We will end up with some taxes paid by employees (us) and the companies.

But most of the dairy pay-out from Southern Pastures Partnership and profits from exports by  Yashili New Zealand Dairy Company will be remitted overseas.

The consequences, if it needs to be spelled out will be;

  • lost profits to us, as a country
  • lost foreign revenue, through exports,
  • a worsening Current Account deficit.

In years to come our descendents (most of whom will be living in Australia by then) will look back at us and wonder at our lack of foresight and economic  naiveté.

In short – how dumb were we?


Point 3: Parata


Further to my blogpost  on 18 January, our very own Invisible Woman – Hekia Parata – our so-called “Minister of Education”, was still shying away from appearing in the media. (See previous blogpost:  Parata, Bennett, and Collins – what have they been up to?)

Campbell did another story on the Novopay fiasco today (5 February), and  invited Ms Parata to an interview.

She was nowhere to be seen. (And as I speculated twelve days in my blogpost – Karma for Key?  – the reason may be that she’s been told;  “stay away from the media and keep your mouth firmly zipped, sweetie“.)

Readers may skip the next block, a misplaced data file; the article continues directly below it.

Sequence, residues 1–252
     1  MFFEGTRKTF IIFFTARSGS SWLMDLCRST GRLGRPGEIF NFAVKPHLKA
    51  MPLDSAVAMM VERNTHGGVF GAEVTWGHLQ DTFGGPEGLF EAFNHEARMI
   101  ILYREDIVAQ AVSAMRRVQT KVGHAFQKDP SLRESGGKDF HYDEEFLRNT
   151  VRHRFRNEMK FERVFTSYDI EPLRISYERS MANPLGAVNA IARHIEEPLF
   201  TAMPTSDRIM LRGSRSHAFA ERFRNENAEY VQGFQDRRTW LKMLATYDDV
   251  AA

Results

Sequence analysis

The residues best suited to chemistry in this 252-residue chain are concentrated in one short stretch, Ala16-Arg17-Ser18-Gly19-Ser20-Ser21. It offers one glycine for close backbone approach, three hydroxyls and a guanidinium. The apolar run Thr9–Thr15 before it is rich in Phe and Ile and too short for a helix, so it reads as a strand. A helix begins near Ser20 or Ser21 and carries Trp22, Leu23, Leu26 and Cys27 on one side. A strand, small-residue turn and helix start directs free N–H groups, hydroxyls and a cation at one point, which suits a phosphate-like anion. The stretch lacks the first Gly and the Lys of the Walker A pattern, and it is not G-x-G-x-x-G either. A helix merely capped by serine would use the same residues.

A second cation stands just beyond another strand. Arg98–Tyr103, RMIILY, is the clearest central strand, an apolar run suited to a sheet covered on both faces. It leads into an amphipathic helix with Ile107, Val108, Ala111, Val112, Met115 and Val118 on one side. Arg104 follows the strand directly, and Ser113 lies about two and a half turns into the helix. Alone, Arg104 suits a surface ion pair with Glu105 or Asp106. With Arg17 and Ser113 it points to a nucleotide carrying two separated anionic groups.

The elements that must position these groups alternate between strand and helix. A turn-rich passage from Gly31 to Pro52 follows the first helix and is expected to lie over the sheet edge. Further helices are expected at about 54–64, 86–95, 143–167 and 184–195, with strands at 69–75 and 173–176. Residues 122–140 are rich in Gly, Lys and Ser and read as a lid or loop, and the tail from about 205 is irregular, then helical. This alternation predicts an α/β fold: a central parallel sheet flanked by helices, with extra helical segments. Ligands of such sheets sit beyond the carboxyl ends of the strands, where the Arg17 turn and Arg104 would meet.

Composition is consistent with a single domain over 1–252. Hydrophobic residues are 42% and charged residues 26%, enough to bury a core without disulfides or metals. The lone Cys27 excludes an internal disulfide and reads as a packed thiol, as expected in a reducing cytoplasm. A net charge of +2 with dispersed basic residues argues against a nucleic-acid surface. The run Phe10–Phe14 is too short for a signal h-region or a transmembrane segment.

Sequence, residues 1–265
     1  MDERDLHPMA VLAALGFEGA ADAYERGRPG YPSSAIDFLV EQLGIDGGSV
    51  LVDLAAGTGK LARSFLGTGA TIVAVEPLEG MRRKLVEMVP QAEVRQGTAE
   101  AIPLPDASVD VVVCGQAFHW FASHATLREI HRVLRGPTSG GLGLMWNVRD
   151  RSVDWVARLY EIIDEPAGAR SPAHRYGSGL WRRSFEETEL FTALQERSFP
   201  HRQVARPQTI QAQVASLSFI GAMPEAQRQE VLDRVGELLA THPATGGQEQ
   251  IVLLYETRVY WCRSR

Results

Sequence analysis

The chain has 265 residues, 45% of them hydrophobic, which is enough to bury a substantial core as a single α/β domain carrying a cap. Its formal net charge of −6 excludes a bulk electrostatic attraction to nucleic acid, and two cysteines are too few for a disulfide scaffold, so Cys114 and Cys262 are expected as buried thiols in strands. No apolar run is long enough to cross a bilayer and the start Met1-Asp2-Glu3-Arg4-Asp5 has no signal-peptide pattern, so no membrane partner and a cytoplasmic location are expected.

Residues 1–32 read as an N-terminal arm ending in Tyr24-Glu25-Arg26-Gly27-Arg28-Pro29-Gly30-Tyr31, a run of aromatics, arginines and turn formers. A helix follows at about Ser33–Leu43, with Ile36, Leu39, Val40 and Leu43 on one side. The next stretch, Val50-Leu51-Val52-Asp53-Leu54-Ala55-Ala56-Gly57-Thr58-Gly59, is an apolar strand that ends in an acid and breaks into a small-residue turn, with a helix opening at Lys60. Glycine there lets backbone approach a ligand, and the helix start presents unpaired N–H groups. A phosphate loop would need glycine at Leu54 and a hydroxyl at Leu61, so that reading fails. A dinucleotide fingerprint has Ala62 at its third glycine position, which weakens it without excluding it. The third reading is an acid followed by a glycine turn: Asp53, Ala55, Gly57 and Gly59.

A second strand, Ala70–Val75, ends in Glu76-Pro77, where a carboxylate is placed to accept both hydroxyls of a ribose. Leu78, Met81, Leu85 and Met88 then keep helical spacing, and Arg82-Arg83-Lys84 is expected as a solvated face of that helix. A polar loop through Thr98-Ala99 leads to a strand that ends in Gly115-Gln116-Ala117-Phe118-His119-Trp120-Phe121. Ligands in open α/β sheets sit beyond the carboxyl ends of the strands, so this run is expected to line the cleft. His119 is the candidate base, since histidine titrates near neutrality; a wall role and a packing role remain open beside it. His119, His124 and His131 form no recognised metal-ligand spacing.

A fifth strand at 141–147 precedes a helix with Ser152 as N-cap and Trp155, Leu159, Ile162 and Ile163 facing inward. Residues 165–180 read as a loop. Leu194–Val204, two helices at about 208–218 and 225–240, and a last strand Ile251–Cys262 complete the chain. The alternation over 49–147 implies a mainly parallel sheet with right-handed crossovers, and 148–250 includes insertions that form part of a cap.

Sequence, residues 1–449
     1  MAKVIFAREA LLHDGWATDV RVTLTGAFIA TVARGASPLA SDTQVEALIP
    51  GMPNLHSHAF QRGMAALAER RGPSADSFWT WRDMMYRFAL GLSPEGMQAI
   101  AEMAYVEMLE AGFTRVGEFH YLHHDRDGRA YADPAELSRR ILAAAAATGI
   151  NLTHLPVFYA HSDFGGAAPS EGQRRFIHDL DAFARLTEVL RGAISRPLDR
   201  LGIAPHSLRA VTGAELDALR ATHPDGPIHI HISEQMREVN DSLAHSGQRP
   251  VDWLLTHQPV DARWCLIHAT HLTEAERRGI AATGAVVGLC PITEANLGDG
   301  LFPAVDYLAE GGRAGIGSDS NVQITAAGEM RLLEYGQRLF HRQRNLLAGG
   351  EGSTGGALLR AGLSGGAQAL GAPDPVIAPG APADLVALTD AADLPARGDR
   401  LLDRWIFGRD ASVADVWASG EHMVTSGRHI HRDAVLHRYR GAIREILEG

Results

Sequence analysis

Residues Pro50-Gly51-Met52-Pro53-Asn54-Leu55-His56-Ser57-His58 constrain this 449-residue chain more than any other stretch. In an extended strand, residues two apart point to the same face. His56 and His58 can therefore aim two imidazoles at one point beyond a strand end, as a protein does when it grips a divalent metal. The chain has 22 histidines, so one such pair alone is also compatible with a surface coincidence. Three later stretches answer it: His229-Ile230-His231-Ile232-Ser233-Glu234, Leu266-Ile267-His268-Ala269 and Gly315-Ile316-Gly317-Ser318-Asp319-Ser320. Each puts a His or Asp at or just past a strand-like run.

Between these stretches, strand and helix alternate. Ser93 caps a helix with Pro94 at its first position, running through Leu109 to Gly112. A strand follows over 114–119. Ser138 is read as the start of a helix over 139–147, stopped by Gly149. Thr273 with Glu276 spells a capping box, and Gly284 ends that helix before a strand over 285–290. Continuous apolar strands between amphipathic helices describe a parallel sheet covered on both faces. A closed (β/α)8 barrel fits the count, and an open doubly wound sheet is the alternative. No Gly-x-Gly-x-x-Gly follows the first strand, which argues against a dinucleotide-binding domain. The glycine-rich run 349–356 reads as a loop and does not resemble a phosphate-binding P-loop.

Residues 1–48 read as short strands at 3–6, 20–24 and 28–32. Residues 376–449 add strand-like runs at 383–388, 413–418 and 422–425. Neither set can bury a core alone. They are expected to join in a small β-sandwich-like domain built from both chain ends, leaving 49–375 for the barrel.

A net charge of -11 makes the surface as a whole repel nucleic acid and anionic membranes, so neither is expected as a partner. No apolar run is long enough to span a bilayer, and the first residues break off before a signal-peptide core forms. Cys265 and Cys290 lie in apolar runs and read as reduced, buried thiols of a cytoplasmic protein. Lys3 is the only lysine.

Campbell Live - 5 February 2013 - Hekia Parata - No show - novopay



Which is just as well, as Campbell had some further remarkable instances of cock-ups made by Novopay. Like, school cleaners getting paid $20,000 for working 24 hours a fortnight?

Maybe John Key’s promise in 2008 to raise the wages of New Zealanders has finally come true?

Nah. No such luck – just more  Novopay cock-ups.

Meanwhile some teachers were being paid $0.00.

Never mind paying $100  million for Novopay’s lemon – perhaps National should’ve just left it to Lotto? The results would’ve been about the same.



= fs =

  1. John R
    6 February 2013 at 9:08 am

    Frank Have you researched why these overseas companies are able to purchase these farms ? Why have these farms come up for sale ? Check out last weeks issue of “Straight Furrow” The banks have been conning the farmers with MORTGAGE SWAPS!! and sending them bankrupt Haven’t heard much about this in the rest of the media

  2. 6 February 2013 at 9:48 am

    I can’t stand the thought of our farms being sold off to overseas! When i worked in Auckland, whole shopping areas were being bought up by foreigners, any profits weren’t being spent in NZ, it was all going back overseas! And where do i sign up for a 24 hour stint as a school cleaner??

  3. 6 February 2013 at 11:08 am

    “I can’t stand the thought of our farms being sold off to overseas!”

    Indeed, Allyson. It will be the great shame of this, and previous, decades. In the case of the Swedish buy-up, it’s interesting to note that it’s being funded by German superannuation savings-funds,